The Court is also poised to decide some very timely issues about the privacy of information contained in a cell phone. In Riley v. California, which will be argued on April 29, a man was convicted of a crime based on evidence—photos, messages, and calls—found in his smartphone. The catch is, the police seized and examined the phone, without a warrant, after stopping the man for driving with expired plates. The Court is considering whether the man’s Fourth Amendment rights were violated when the police not only seized the phone during his arrest, as they are allowed to do, but also searched its contents.
In other Fourth Amendment territory, the Court is poised to refine a very teachable case from a few terms ago about whether one co-tenant can allow the police in to search a home when the other co-tenant has said “no.” In the earlier case, Georgia v. Randolph, the Court ruled against the search. This case, called Fernandez v. California, the tenant who first refused the home search was no longer physically present, having been arrested and removed from the scene on suspicion of domestic violence. When police returned later, the co-tenant granted permission to search and the police found evidence leading to Fernandez’s conviction.
Government teachers may also be interested in the Court’s consideration of the president’s capacity to make recess appointments. In National Labor Relations Board v. Noel Canning, President Obama appointed several members to the National Labor Relations Board during a break between sessions after the Senate had refused to act on the nominations. For years, the Senate had been holding very brief, pro forma sessions (where they conducted no business) during breaks in order to never take an official recess. They argue that the president cannot make “recess” appointments if the Senate is not formally on recess. It’s a case of good old-fashioned constitutional interpretation: what do the words in the Constitution really mean? The Recess Appointments Clause authorizes the president “to fill up all Vacancies that may happen during the Recess of the Senate, by granting Commissions which shall expire at the End of their next Session.” Does this mean that the president may only fill vacancies that come about during a recess? What about the longstanding practice of using recess appointments to get around political intransigence? On another matter, does the difference between availability of lawmakers during the 18th century—when Senators took long recesses, scattered across the country with no telephones or internet—and today matter? What did the framers intend this clause to mean, and does that matter? For help teaching about this tension between the branches and the question of how to interpret the constitution, see our materials on Judicial Interpretation.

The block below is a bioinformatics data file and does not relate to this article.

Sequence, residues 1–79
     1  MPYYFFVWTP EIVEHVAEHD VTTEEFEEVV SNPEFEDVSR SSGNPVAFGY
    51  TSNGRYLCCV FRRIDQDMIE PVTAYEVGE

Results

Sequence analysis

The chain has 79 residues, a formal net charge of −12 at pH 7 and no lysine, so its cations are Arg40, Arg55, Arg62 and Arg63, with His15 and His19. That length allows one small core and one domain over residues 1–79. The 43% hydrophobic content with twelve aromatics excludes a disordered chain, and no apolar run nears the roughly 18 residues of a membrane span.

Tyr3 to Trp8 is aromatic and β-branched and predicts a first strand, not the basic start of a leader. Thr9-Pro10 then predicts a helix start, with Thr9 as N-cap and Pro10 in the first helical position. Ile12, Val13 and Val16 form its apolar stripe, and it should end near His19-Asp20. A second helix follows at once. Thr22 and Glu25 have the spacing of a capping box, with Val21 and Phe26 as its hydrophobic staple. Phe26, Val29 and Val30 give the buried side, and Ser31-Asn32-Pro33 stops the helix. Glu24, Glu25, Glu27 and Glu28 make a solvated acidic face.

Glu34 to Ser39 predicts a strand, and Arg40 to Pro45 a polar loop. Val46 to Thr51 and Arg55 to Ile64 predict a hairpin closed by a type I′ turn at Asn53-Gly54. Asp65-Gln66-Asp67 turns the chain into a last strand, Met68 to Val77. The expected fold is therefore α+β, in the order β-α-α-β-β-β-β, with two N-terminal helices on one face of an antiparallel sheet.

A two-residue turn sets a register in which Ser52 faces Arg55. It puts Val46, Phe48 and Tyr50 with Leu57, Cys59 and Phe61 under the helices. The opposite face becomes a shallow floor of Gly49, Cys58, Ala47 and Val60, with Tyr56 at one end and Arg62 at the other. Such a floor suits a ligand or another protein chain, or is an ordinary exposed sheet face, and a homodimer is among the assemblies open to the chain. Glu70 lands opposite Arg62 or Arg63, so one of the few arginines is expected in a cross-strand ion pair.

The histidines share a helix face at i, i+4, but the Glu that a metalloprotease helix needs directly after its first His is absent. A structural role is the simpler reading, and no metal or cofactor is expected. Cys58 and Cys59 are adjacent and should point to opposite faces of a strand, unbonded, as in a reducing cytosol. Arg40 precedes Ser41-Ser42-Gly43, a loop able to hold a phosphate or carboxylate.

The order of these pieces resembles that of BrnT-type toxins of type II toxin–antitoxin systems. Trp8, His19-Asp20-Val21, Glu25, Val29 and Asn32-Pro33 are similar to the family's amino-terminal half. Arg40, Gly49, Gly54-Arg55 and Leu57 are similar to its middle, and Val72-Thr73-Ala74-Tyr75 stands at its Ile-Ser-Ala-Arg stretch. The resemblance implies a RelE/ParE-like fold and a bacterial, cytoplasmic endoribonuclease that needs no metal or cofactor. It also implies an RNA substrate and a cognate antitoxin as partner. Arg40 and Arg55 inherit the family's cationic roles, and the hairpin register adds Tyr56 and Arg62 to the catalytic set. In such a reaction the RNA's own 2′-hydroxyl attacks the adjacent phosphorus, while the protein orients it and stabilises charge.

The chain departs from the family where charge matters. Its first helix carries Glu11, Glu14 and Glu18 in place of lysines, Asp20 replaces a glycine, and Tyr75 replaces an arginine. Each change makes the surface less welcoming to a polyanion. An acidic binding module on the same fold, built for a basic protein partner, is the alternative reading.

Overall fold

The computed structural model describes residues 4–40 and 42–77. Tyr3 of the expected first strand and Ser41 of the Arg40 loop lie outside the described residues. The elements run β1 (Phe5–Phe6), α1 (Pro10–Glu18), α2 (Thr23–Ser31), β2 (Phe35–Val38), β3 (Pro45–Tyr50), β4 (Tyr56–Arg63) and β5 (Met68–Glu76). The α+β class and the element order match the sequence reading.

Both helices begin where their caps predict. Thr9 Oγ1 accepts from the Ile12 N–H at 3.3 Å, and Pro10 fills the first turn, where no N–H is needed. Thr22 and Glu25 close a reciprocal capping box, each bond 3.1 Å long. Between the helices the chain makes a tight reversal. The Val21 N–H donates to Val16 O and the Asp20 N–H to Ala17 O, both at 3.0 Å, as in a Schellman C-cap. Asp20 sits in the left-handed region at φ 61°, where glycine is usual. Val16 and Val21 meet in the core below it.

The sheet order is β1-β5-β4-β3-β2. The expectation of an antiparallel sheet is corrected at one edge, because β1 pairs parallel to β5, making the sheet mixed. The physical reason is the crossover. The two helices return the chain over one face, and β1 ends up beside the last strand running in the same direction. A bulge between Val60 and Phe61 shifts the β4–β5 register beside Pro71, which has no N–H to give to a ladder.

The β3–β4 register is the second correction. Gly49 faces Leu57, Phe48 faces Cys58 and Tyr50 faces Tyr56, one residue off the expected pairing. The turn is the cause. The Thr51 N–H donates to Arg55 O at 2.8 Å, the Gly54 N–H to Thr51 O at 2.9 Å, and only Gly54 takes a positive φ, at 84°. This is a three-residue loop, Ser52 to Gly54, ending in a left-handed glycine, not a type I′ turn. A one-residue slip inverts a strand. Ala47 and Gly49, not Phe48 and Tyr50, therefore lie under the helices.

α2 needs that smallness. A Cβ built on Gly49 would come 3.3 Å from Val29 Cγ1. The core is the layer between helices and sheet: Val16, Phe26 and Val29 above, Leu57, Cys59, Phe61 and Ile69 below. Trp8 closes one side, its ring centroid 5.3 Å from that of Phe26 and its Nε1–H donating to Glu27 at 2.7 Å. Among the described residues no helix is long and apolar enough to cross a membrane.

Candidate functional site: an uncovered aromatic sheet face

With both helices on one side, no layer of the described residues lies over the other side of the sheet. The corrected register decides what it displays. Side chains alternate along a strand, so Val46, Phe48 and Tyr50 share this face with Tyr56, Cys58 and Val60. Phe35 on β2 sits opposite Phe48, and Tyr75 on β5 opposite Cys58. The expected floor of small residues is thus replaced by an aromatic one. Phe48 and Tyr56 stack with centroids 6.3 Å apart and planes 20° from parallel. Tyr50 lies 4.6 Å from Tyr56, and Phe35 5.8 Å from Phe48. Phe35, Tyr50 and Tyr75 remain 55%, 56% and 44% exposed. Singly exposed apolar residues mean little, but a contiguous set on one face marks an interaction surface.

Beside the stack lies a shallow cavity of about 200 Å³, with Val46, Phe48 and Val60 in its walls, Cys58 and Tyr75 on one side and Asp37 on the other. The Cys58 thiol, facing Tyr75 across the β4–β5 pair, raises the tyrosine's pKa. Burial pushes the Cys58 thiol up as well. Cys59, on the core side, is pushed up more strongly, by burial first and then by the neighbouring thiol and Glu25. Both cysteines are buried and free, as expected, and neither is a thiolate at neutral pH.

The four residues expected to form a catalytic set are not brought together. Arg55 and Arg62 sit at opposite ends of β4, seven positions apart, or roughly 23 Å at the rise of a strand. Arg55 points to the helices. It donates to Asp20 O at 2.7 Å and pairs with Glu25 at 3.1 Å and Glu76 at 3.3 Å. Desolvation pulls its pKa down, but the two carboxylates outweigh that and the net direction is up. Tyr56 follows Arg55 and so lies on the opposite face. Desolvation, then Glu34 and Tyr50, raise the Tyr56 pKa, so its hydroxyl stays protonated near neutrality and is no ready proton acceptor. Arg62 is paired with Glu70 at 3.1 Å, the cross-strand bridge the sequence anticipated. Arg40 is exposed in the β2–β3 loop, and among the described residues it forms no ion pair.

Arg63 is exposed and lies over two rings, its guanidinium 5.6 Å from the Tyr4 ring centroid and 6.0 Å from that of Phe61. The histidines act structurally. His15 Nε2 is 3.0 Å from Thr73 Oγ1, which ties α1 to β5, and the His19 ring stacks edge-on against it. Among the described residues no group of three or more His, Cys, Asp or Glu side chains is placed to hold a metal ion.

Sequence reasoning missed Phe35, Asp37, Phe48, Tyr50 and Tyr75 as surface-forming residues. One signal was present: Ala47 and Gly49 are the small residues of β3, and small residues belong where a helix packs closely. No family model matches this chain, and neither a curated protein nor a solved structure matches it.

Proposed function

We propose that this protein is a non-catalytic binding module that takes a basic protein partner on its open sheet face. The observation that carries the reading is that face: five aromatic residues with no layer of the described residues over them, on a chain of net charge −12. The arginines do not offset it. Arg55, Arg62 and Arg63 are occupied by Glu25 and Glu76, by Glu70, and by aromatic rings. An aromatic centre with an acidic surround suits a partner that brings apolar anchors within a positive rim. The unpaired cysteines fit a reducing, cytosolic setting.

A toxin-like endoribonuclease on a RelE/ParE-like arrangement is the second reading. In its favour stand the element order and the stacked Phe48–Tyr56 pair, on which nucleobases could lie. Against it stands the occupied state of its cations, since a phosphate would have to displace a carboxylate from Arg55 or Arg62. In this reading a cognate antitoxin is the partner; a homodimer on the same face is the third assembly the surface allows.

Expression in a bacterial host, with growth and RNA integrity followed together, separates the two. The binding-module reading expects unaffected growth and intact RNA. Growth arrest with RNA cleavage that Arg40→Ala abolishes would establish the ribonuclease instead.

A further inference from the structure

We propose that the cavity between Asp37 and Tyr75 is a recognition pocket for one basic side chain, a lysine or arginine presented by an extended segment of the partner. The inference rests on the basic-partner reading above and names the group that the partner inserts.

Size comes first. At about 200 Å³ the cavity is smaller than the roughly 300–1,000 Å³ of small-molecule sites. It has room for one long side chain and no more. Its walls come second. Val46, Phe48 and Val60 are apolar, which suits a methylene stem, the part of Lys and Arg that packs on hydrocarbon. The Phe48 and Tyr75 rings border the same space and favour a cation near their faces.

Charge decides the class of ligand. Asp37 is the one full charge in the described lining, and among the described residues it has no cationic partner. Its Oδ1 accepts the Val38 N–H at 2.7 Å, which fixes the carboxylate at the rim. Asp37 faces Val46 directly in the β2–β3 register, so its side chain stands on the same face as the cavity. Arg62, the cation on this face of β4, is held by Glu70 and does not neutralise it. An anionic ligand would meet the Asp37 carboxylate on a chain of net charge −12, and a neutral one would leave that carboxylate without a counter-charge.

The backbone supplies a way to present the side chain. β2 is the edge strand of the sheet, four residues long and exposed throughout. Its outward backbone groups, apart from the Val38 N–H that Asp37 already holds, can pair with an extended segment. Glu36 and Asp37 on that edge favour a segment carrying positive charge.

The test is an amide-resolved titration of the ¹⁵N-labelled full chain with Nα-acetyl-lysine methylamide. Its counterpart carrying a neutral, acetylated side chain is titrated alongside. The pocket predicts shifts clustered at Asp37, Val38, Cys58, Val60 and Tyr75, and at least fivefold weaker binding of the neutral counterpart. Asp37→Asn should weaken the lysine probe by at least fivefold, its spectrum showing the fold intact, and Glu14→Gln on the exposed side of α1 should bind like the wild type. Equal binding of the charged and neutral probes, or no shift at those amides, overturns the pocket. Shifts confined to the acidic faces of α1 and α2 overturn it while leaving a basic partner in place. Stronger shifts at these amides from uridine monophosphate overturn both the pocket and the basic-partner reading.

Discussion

Affirmative action, political donations
In addition to these, the Court is also set to decide whether Michigan’s state constitutional ban on affirmative action violates the 14th Amendment of the U.S. Constitution (Schuette v. Coalition to Defend Affirmative Action), whether the government can place an aggregate limit on political donations without violating donors’ free speech rights (McCutcheon v. Federal Election Commission), and whether police can stop motorists based on certain anonymous tips (Navarette v. California).
Street Law resources
We’ll be following all of these cases, and featuring many of them at the Supreme Court Summer Institute. Visit Street Law’s Resource Library in July to download teaching materials and case studies of many of these. In the meantime, we recommend SCOTUSblog’s Plain English summaries to learn more and keep up with the Supreme Court as it enters this exciting time!
(Reproduced with permission)
Supreme Court Summer Institute for Teachers